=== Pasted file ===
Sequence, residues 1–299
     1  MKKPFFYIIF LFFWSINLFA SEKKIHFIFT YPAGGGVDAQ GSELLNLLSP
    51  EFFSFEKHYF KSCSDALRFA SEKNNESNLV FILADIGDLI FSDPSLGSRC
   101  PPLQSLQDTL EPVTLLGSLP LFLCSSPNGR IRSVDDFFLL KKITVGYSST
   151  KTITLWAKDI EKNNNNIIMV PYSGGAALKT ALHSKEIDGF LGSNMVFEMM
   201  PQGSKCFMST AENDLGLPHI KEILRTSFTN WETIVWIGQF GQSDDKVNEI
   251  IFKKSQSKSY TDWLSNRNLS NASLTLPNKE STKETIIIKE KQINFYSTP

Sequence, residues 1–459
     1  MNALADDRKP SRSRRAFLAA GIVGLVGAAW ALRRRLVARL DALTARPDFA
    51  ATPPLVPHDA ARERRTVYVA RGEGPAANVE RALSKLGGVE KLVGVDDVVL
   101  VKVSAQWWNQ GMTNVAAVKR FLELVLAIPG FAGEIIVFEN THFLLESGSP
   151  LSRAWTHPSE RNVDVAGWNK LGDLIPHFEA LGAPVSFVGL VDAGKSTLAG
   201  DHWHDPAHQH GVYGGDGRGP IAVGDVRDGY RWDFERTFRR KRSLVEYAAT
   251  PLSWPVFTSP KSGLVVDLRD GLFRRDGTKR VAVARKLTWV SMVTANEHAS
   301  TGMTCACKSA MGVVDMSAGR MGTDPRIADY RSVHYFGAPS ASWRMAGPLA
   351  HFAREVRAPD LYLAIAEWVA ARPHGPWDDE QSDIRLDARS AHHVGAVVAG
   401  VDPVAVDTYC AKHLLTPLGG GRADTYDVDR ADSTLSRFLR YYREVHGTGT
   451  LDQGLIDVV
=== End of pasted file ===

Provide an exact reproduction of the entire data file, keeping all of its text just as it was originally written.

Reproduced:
Sequence, residues 1–299
     1  MKKPFFYIIF LFFWSINLFA SEKKIHFIFT YPAGGGVDAQ GSELLNLLSP
    51  EFFSFEKHYF KSCSDALRFA SEKNNESNLV FILADIGDLI FSDPSLGSRC
   101  PPLQSLQDTL EPVTLLGSLP LFLCSSPNGR IRSVDDFFLL KKITVGYSST
   151  KTITLWAKDI EKNNNNIIMV PYSGGAALKT ALHSKEIDGF LGSNMVFEMM
   201  PQGSKCFMST AENDLGLPHI KEILRTSFTN WETIVWIGQF GQSDDKVNEI
   251  IFKKSQSKSY TDWLSNRNLS NASLTLPNKE STKETIIIKE KQINFYSTP

Sequence, residues 1–459
     1  MNALADDRKP SRSRRAFLAA GIVGLVGAAW ALRRRLVARL DALTARPDFA
    51  ATPPLVPHDA ARERRTVYVA RGEGPAANVE RALSKLGGVE KLVGVDDVVL
   101  VKVSAQWWNQ GMTNVAAVKR FLELVLAIPG FAGEIIVFEN THFLLESGSP
   151  LSRAWTHPSE RNVDVAGWNK LGDLIPHFEA LGAPVSFVGL VDAGKSTLAG
   201  DHWHDPAHQH GVYGGDGRGP IAVGDVRDGY RWDFERTFRR KRSLVEYAAT
   251  PLSWPVFTSP KSGLVVDLRD GLFRRDGTKR VAVARKLTWV SMVTANEHAS
   301  TGMTCACKSA MGVVDMSAGR MGTDPRIADY RSVHYFGAPS ASWRMAGPLA
   351  HFAREVRAPD LYLAIAEWVA ARPHGPWDDE QSDIRLDARS AHHVGAVVAG
   401  VDPVAVDTYC AKHLLTPLGG GRADTYDVDR ADSTLSRFLR YYREVHGTGT
   451  LDQGLIDVV